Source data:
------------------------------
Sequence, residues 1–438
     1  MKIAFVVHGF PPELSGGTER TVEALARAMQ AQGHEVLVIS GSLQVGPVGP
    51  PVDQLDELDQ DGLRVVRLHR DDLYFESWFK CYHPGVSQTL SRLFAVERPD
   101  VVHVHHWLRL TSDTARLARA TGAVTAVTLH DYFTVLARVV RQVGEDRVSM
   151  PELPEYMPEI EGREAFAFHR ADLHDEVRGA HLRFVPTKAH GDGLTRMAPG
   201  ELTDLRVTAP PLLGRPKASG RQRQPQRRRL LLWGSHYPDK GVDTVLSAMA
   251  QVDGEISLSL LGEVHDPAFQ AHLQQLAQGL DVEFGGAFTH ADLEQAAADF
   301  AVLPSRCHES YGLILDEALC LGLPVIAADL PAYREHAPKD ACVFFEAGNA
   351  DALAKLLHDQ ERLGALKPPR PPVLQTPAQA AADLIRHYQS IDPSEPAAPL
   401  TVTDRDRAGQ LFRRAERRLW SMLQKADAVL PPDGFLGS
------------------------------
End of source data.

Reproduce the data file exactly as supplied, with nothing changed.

Sequence, residues 1–438
     1  MKIAFVVHGF PPELSGGTER TVEALARAMQ AQGHEVLVIS GSLQVGPVGP
    51  PVDQLDELDQ DGLRVVRLHR DDLYFESWFK CYHPGVSQTL SRLFAVERPD
   101  VVHVHHWLRL TSDTARLARA TGAVTAVTLH DYFTVLARVV RQVGEDRVSM
   151  PELPEYMPEI EGREAFAFHR ADLHDEVRGA HLRFVPTKAH GDGLTRMAPG
   201  ELTDLRVTAP PLLGRPKASG RQRQPQRRRL LLWGSHYPDK GVDTVLSAMA
   251  QVDGEISLSL LGEVHDPAFQ AHLQQLAQGL DVEFGGAFTH ADLEQAAADF
   301  AVLPSRCHES YGLILDEALC LGLPVIAADL PAYREHAPKD ACVFFEAGNA
   351  DALAKLLHDQ ERLGALKPPR PPVLQTPAQA AADLIRHYQS IDPSEPAAPL
   401  TVTDRDRAGQ LFRRAERRLW SMLQKADAVL PPDGFLGS